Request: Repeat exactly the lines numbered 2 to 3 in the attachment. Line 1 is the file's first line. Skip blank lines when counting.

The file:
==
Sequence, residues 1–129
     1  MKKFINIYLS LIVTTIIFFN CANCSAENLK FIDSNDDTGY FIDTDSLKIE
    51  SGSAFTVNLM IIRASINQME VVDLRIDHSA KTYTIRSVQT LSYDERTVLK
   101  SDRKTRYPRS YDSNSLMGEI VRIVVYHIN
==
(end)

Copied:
     1  MKKFINIYLS LIVTTIIFFN CANCSAENLK FIDSNDDTGY FIDTDSLKIE
    51  SGSAFTVNLM IIRASINQME VVDLRIDHSA KTYTIRSVQT LSYDERTVLK